I haven’t been blogging much lately. Maybe you’ve noticed, more likely you haven’t.
I love this space. My space to think, reflect, share, encourage, be encouraged. But I also love my ‘real’ life, the one with people I can touch and see and hear and interact with, without a screen between us.
Sometimes blogging alleviates the loneliness of being an expatriate because I find a community of people like me – between worlds, wrestling with cross-cultural relationships, being fundamentally transformed by our new surroundings.
But sometimes blogging accentuates the loneliness because I realize that the things making up my current world, my life, my passions, my griefs, my joys, are so far from the world I used to live in. I even start to question my sanity, sense of ‘reality,’ and wonder whether I am turning into one of ‘those’ expats. The kind that struggle to communicate with people in the home culture because our tongues are tied and our minds so thoroughly exhausted after years of balancing cultures and world views.
The internet accentuates the truth that the ways I am coming to see things like faith and justice or relationships and poverty or running and shopping do not line up, always, with what is popular or trending or even interesting to the people living in the place I used to consider home. Blogging reinforces the reality that I am far removed from who I used to be and some days, that feels lonely.
I sit down to type, at the end of a long day and I don’t know what to say about the things I’ve encountered or wrestled with, I don’t know what to add to the cacophony of voices on the internet. And sometimes I don’t have the courage to enter the loneliness and so I step back a bit. I eat Girl Scout cookies (thank you, US embassy) and watch an episode of the Cosby Show with Lucy instead.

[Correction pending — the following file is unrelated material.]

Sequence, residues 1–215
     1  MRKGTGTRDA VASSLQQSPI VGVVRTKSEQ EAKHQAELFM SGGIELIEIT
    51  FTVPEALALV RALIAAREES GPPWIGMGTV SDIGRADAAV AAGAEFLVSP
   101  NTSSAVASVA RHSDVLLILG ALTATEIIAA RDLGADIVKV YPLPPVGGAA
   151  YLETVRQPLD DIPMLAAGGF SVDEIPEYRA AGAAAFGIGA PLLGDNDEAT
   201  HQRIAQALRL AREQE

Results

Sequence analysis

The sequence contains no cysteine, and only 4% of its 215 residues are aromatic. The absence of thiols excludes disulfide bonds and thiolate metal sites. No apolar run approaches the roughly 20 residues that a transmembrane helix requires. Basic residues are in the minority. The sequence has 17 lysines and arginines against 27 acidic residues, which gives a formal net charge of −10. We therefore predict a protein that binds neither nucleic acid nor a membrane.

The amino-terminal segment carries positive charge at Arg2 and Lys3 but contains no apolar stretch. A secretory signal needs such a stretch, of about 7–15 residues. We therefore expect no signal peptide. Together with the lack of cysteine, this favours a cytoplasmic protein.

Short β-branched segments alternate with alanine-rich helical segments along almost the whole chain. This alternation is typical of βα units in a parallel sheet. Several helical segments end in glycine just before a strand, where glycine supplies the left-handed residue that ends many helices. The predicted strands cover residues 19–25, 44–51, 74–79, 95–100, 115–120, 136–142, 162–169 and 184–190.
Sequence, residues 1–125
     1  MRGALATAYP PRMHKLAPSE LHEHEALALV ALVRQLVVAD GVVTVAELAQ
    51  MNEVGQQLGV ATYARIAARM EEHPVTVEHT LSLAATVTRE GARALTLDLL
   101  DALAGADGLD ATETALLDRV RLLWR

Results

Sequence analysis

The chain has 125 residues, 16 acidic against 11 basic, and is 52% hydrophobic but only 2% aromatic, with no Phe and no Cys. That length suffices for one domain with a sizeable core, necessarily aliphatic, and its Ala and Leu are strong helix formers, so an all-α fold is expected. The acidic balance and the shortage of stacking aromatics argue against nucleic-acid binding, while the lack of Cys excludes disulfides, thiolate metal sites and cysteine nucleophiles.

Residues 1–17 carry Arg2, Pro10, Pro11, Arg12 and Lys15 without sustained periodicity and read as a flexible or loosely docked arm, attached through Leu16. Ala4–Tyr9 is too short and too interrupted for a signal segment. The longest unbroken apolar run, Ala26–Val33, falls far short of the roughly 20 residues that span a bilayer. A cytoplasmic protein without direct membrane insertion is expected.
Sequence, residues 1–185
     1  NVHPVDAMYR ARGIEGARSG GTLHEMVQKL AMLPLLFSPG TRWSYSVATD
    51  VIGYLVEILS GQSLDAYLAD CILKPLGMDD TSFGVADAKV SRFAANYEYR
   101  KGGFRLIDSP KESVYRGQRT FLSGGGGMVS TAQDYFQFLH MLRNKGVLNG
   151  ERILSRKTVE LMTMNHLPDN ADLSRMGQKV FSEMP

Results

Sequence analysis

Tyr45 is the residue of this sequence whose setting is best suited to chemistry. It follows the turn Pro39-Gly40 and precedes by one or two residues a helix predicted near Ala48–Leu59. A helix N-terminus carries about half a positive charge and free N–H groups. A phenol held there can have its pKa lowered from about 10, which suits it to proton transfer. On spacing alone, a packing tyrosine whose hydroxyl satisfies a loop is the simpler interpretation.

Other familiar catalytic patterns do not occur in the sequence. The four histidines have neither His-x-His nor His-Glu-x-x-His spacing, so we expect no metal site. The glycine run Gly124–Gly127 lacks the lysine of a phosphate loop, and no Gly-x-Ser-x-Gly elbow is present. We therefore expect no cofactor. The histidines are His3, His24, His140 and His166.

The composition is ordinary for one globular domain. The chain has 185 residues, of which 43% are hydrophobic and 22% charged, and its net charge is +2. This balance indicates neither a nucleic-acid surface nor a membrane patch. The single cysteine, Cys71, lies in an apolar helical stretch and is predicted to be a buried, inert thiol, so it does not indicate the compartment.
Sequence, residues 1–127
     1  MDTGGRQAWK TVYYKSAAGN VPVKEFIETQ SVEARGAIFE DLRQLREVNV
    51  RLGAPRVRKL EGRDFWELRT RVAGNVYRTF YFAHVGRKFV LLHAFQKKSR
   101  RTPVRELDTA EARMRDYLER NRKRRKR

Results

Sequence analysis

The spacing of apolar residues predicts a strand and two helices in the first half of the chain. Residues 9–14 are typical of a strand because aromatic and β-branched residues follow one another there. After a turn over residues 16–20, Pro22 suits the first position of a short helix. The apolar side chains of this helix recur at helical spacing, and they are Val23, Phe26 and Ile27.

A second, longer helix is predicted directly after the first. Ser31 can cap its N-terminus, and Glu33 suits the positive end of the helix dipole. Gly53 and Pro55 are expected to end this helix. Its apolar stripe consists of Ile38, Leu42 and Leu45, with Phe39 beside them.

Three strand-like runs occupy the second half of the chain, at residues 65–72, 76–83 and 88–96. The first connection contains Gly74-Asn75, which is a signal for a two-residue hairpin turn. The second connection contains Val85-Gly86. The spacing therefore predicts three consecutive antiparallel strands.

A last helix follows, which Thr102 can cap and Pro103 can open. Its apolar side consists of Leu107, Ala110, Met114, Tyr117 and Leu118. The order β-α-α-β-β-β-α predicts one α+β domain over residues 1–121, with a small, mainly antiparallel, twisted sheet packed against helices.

Also, I’ve started writing for a few other websites that have deadlines and topic suggestions and as I (happily) work for these sites, I have less time to write exclusively for Djibouti Jones.
Also, real life presses in. In April my teenagers were home. I cried the day they came home and I cried the day they left, and a few days following. It gets harder every time, not easier, don’t let anyone tell you it gets easier. In April we entered the national championship season for Girls Run 2. In April a local friend faced multiple, serious, heart-breaking crisis.
In April I guarded the deep waters of my soul, half-treasuring them and half-afraid that if I tried to write about boarding school, the stories of the running team, about my seemingly daily tearful waverings between feeling at home here and feeling desperate to leave, I would be too exposed. Normally not such a private person, I retreated and found refuge in my family of five.
But now we are, again, down to three people in the house. I’m still helping my friend, still following the running club, still writing for other websites. I’m not sure how or when I will emerge but for now, as real life presses in, I am leaning into it. Living it. Not always writing about it.
Thanks for your patience with a quieter blog these days. I am always grateful for your visits, comments, and shares both here and elsewhere. (Like how last week you helped explode my essay for Brain Child: The Happy Middle Years.)
(if you’d like to read a story about one of these people I relate with not from behind a screen, sign up for my monthly newsletter. By signing up you will receive the free e-book Thirty-Four Paying Markets for Beautiful Essays. This month features a brief part of Medina’s story, a runner who had a thorn puncture her eye)